This article is part number 3 of 13 of the completed A year on Windows series.

Yesterday’s post on this series was almost a rant on how keyboard shortcuts don’t work on Windows. @blude on Twitter was curious to know about inserting “special characters”, which is really an euphemism for non-English letters. As a non-native English speaker, inserting such letters is something I occasionally have to do but somehow the topic didn’t cross my mind. Let’s take a look now.

So, how can you insert special characters that belong to another language and are not part of your physical keyboard? Obviously, you can add extra keyboard layouts to the system and switch among them. This is easy to do and manage on Windows: when there is more than one layout on the system, the notification area in the taskbar (not the tray) gains a new indicator that you can click on to select the layout. The popup even tells you that Win+Space also brings up the menu, which is a nice touch.

The keyboard layout selection menu showing entries for English and Spanish.

Switching layouts, however, is both inconvenient and insufficient. It is inconvenient because you need to memorize where the desired characters are—for example, ñ is ; and ç is \ on a US keyboard when using the ES layout—and it is insufficient because some characters are not real keys on any layout.

Let’s focus on en and em dashes because, as far as I know, these are not real keys on any keyboard layout. What if you want to follow proper English punctuation rules? How do you insert these “special” dashes?

On macOS, you have two simple options. The first is to long-press a key to get a little pop up with related characters. For example, if you long-press a, you get a tiny window to pick à or á among others. The second is to use shortcuts to insert certain characters. Want to insert an en dash? Press Option--. Want to insert an em dash? Press Shift-Option--. The critical detail to consider is that all of these work across the whole system.

On Windows… well, it’s another shit show, I’m sorry. Some apps, like Microsoft Word, have a Special Symbols feature that lets you insert these characters, and many more, and allows you to even bind shortcuts for them.

Special Characters dialog in Microsoft Word, showing the default list of entries and their shortcuts.

The problem is that this Special Symbols dialog is app-specific and most apps don’t have this feature. The alternative that you get if you search online is to use Alt-0150 to insert an en dash and Alt-0151 to insert an em dash. Isn’t that… horrifying? Are we back to the stone age? I recall using Alt-92 in my MS-DOS times to insert a backslash. And mind you, this won’t even work because you are supposed to press the numbers on the numeric keypad, which most keyboards thankfully don’t have any more.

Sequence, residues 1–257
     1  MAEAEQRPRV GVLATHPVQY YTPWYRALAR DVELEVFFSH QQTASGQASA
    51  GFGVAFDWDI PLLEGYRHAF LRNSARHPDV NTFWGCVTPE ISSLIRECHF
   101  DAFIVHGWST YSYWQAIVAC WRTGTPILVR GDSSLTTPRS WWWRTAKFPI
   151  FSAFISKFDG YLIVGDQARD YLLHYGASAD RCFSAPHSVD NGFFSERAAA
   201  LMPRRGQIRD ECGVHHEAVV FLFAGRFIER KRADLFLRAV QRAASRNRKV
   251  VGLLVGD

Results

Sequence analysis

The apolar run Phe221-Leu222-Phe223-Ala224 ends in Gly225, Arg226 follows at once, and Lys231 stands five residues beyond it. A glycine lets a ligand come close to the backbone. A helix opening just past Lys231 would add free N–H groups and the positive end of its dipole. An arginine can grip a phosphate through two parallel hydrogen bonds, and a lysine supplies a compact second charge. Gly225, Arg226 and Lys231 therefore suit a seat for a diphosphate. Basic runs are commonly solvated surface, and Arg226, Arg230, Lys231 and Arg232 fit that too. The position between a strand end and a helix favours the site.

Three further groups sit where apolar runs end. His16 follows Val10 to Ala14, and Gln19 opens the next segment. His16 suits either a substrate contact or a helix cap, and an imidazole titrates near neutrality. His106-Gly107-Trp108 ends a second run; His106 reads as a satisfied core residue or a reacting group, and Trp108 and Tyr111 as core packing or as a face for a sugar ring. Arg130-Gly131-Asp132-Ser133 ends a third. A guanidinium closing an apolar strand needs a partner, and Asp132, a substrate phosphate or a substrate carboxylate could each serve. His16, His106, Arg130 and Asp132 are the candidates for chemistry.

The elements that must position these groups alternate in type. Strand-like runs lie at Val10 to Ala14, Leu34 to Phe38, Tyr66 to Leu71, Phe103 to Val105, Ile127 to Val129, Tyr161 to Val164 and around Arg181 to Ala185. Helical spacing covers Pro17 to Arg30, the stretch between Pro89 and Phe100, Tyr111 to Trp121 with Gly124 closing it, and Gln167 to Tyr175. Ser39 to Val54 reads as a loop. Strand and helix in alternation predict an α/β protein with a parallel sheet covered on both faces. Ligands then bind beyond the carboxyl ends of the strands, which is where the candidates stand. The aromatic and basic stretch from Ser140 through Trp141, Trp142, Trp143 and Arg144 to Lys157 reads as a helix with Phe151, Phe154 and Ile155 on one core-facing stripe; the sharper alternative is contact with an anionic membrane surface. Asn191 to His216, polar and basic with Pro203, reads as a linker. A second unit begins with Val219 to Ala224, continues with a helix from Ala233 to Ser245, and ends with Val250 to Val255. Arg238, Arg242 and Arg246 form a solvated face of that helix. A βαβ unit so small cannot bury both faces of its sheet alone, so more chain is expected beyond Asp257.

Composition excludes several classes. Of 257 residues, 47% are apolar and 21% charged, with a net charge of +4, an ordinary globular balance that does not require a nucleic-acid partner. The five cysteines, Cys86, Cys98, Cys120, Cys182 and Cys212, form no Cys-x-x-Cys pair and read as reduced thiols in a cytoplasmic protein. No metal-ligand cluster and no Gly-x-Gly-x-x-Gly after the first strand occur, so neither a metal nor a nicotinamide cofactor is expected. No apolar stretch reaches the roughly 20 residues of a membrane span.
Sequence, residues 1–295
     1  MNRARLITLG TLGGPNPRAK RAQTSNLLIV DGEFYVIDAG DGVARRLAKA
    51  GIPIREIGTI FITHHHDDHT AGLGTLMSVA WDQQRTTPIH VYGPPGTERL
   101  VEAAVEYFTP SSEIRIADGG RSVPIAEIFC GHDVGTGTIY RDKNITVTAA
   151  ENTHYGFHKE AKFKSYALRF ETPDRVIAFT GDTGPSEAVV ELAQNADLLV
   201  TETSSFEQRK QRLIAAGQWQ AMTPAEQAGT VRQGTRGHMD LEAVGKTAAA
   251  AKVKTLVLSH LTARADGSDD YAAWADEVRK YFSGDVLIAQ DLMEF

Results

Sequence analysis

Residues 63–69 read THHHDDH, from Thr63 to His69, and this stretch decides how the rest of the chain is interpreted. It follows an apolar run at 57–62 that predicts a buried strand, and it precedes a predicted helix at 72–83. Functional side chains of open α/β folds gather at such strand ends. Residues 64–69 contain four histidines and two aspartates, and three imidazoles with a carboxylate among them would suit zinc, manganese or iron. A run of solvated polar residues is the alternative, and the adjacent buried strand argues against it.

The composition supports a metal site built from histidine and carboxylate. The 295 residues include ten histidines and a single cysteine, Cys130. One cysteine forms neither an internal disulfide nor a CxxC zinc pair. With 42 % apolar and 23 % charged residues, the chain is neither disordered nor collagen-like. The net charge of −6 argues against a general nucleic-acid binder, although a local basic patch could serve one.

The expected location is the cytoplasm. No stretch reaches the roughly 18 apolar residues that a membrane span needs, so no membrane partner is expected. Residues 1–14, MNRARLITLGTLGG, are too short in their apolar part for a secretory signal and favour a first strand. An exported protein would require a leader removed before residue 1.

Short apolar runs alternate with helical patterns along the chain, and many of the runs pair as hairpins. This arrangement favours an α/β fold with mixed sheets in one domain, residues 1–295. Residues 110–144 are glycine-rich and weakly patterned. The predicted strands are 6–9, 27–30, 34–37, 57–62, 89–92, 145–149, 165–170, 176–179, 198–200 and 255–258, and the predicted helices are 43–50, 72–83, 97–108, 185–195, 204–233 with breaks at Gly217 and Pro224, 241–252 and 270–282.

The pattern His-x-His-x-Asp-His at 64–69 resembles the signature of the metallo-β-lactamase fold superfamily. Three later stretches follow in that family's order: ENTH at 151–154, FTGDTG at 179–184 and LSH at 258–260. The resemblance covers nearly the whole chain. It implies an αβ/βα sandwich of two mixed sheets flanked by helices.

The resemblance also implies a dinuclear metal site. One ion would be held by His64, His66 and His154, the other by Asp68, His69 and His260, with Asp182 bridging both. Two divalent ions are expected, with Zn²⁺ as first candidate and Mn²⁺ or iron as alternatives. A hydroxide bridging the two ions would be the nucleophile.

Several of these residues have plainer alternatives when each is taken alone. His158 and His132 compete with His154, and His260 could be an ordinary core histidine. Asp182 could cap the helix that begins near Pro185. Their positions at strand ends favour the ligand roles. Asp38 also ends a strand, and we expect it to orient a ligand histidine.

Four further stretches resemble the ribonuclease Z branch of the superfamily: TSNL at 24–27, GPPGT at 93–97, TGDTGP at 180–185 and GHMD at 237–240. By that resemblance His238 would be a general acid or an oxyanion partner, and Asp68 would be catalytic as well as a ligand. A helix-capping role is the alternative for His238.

Fortunately, there are ways out of this problem to make the whole situation more manageable.

The first is to use the emoji menu, which I’m a fan of. Press Win+; and you get a very comprehensive popup to insert emojis, GIFs, kaomojis, and… symbols! The popup even has a search feature, which is great except for the fact that it does not work across sections. That means you have to hunt-and-peek the right character with the mouse, which is a hassle.

Notepad with an overlay of the emojis menu, showing the General punctuation section in the symbols tab.

The second is to install AutoHotKey and use a trivial script to create shortcuts for the special characters that you need. For example, this configuration does the trick for my most common needs:

#SingleInstance force

Menu, Tray, Standard

; Cheatsheet: ! Alt  ^ Ctrl  + Shift
$!+c::Send {ç}
$!+n::Send {ñ}
$!-::Send {–}
$!+-::Send {—}

Make sure to save this file as “UTF-8 with BOM” (which you can do from Notepad) or else AutoHotKey will be confused about the special characters.

I guess the summary on this topic is that I’m sad that the defaults are poor, but glad that there are multiple ways out of this problem. Windows is very customizable, as we’ll see in later posts, and it shows here.

Before we conclude, let me briefly bring up the topic of regional formats. I know these have nothing to do with input methods other than being an internationalization feature, but I wanted to cover them somewhere in this series and I don’t have sufficient text for a standalone post. All I’ll say is that it’s great that you can fix these settings in a single place in the control panel and have almost all apps comply. You could even see this in the first screenshot in this post, which showed the taskbar clock in the desired format.

The only right settings for the Regional format are to make the week start on Monday, use YYYY-MM-DD short dates, and use the 24-hour clock.

Up next will be a set of posts on the GUI. Stay tuned!

This article is part number 3 of 13 of the completed A year on Windows series.